where, zk denotes the output feature map of k-th input feature map Batch normalization operation (BN)

The batch normalization process transforms a batch of images (say m) to have a mean zero and standard deviation of one. It speeds up the training process and handles the internal covariances of the input feature maps (Ioffe, 2017). The batch normalization is expressed as the following equations (eq. 4 and eq. 5):



yi denotes the output feature map

z^i is the normalized input feature map

E(zi) denotes the mean of the input feature map zivar(zi) denotes the variance of the input feature map zi γ and β are the scaling and offset factors of the network that are trainable

3.6.2. Maxpool module (pool)

The maxpooling operation extracts the maximum element from the respective regions of feature map covered by the pooling kernels (Chollet, 2021). The maxpool layer outputs the most promising features from the input images without adding any extra trainable parameters to the network. In this proposed model, we applied maxpool with a kernel size of 3 x 3 and strides of 1 and 2.

3.6.3. Modified inception module (incep)

Generally, the ‘inception’ module of Inception networks obtain the integration of sparse structure by approximating the available dense component of the network (Szegedy et al., 2015; Szegedy et al., 2016). In this study, we proposed a modified inception module by applying few changes with respect to the kernel sizes, number of filters and parallel convolutions. In the proposed inception module, we applied symmetrical (1 x 1) and asymmetrical convolution kernels in a parallel manner with a maxpool operation. Here, we factorized the convolutions with spatial filters of n × n (for 3 x 3 or 5 x 5) into asymmetrical convolutions with filter sizes n×1 and 1×n (e.g., 3 x 1 and 1 x 3; 5 x 1 and 1 x 5). Prior to each asymmetrical convolution, one 1 x 1 convolution kernel is incorporated to reduce the representational bottleneck of the network. We also applied ReLU in each convolution operation to induce sparsity in the feature maps (as shown in Figure 4). Finally, the outputs from all parallel convolutions and maxpool layers were concatenated and passed to the next layer of the network.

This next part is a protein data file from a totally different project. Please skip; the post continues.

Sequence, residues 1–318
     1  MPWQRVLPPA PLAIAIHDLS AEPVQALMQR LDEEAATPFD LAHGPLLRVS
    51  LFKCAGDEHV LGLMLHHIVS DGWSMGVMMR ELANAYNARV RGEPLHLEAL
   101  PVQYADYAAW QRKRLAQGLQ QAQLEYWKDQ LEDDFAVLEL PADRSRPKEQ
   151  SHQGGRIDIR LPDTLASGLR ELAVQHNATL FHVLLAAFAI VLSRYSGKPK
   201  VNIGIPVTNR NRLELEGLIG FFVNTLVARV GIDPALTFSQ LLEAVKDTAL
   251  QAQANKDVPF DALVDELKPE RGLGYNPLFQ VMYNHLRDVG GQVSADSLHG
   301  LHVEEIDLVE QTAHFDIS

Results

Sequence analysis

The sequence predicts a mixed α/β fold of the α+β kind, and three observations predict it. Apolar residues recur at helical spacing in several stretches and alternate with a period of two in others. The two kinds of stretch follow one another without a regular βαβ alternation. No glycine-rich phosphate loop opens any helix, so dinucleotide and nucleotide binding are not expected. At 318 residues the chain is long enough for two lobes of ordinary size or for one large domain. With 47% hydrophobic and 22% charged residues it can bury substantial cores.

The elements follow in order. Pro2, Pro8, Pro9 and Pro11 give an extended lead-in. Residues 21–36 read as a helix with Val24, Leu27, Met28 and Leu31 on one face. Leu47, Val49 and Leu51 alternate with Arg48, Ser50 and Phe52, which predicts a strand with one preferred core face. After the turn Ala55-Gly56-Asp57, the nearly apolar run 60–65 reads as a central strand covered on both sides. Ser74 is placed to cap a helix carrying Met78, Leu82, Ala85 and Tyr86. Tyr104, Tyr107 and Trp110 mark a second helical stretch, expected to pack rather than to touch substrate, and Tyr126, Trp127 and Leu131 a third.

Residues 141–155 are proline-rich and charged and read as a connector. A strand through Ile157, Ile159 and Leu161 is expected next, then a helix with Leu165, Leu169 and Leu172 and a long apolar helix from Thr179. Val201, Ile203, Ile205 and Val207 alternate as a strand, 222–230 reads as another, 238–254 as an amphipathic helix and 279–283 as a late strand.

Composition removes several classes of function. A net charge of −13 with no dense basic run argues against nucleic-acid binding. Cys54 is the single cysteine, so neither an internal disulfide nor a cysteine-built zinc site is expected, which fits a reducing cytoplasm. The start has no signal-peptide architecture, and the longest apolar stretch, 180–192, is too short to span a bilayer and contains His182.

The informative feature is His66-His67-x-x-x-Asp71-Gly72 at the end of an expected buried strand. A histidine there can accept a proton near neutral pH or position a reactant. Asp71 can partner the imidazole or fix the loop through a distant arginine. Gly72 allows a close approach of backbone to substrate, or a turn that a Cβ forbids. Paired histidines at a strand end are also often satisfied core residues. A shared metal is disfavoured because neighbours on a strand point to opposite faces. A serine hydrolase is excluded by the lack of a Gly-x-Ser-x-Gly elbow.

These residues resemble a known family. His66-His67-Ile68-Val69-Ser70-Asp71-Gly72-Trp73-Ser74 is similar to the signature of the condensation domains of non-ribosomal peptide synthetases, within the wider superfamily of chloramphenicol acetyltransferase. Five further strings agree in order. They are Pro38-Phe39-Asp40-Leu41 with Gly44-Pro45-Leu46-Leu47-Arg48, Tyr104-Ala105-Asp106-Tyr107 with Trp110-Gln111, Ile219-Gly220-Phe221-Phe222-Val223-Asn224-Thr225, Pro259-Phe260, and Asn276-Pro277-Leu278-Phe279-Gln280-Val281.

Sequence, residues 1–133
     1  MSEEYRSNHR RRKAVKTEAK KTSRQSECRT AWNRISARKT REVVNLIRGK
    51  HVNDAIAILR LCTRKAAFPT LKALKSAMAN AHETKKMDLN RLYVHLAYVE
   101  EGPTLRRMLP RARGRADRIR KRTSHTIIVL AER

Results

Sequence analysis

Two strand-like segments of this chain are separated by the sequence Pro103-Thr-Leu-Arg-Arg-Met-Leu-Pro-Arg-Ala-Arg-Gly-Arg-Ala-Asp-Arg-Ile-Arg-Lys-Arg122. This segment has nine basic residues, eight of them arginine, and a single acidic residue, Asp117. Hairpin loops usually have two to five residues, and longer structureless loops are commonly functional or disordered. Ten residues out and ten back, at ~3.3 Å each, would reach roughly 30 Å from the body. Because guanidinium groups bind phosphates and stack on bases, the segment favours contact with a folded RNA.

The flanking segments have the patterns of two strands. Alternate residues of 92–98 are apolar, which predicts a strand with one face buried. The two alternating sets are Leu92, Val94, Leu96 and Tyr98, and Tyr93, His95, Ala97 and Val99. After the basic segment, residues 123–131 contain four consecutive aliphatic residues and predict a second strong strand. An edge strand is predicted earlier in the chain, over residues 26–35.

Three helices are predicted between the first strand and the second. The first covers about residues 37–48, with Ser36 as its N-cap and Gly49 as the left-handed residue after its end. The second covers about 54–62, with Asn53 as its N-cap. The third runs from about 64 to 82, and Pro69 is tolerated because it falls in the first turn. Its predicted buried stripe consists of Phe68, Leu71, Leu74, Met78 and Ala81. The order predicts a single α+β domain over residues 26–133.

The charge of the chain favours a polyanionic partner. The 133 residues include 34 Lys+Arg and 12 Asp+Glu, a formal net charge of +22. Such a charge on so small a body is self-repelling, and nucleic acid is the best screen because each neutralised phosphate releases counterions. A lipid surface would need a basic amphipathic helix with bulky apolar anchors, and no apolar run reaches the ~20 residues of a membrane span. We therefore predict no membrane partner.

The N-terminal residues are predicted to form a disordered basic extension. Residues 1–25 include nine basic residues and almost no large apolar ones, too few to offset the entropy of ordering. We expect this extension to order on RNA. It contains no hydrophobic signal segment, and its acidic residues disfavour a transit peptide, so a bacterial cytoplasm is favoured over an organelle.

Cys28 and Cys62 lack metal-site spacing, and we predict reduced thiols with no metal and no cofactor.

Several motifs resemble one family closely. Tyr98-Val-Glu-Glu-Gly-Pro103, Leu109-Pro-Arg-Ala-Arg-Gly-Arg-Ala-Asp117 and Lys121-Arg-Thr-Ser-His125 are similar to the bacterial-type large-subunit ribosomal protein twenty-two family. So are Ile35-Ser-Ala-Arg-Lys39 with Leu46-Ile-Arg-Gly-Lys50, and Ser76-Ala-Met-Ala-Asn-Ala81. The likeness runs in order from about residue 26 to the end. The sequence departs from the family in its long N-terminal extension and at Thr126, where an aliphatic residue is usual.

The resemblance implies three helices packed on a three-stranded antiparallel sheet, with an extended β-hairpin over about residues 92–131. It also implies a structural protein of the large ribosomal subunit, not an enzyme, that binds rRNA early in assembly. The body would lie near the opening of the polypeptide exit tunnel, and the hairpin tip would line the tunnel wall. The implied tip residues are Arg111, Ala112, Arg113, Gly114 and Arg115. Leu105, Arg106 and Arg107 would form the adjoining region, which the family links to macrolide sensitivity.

Figure 4 Architecture of the proposed modified inception module.

3.6.4. GAP module (gap)

The GAP or Global Average Pooling is a unique pooling operation designed to generate a scalar vector of features by computing the average of each feature map. It aggressively summarizes the presence of a feature in an image by downsampling the entire input feature map to a single value (Lin et al., 2013). The purpose of the GAP layer was to reduce the chance of overfitting as it doesn’t add any extra learnable parameters to the network.

3.6.5. Softmax layer (softmax)

A softmax layer was added at the end point of the proposed CNN model. The softmax layer contains the same number of nodes as the number of classes in the dataset under study. The softmax function generates the output probability values from the input feature vectors. It converts the non-normalized feature vectors of the network into a probability distribution over the predicted output class (Bouchard, 2007). Mathematically, softmax function is expressed as the following equation (eq: 6):


where, zj denotes the j-th item of the output feature vector

The overall framework of the proposed network in a graphical manner is provided in Figure 5. Also, a detailed layer-wise description like layer names, kernel/filter sizes, strides, output shapes, number of kernels/filters and number of training parameters is provided in Table 3.


Figure 5 Overall architectural framework of the proposed CNN model.


Table 3 Layer-wise configuration of the proposed model.

3.7. Evaluation metrics

We evaluated the prediction performance of the proposed CNN model on the images of testing data. We computed the confusion matrix (CM) which represents the model’s prediction performance in a tabular fashion. In CM, row elements denote the actual values, while the column entities present the predicted values. In the CM the diagonal elements represent the correct predictions (i.e. true positives (TP) and true negatives (TN)), while the incorrect predictions (i.e. false positives (FP), false negatives (FN)) are denoted by the off-diagonal elements. Also computed the relevant evaluation metrics such as Recall, Precision and f1-score.